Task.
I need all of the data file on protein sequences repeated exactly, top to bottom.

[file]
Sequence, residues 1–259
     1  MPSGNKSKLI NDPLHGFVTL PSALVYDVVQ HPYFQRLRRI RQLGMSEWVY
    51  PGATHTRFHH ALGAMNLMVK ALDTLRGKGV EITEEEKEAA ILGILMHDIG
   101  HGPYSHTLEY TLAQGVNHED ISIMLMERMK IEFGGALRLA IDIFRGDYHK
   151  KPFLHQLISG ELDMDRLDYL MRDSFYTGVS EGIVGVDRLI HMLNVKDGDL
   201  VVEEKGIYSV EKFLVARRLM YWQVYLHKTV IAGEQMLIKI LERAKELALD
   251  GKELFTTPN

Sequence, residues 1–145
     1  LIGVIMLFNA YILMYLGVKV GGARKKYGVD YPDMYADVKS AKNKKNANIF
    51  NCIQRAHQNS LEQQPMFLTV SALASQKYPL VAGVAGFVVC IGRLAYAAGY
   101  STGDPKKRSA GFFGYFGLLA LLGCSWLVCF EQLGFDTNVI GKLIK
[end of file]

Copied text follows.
Sequence, residues 1–259
     1  MPSGNKSKLI NDPLHGFVTL PSALVYDVVQ HPYFQRLRRI RQLGMSEWVY
    51  PGATHTRFHH ALGAMNLMVK ALDTLRGKGV EITEEEKEAA ILGILMHDIG
   101  HGPYSHTLEY TLAQGVNHED ISIMLMERMK IEFGGALRLA IDIFRGDYHK
   151  KPFLHQLISG ELDMDRLDYL MRDSFYTGVS EGIVGVDRLI HMLNVKDGDL
   201  VVEEKGIYSV EKFLVARRLM YWQVYLHKTV IAGEQMLIKI LERAKELALD
   251  GKELFTTPN

Sequence, residues 1–145
     1  LIGVIMLFNA YILMYLGVKV GGARKKYGVD YPDMYADVKS AKNKKNANIF
    51  NCIQRAHQNS LEQQPMFLTV SALASQKYPL VAGVAGFVVC IGRLAYAAGY
   101  STGDPKKRSA GFFGYFGLLA LLGCSWLVCF EQLGFDTNVI GKLIK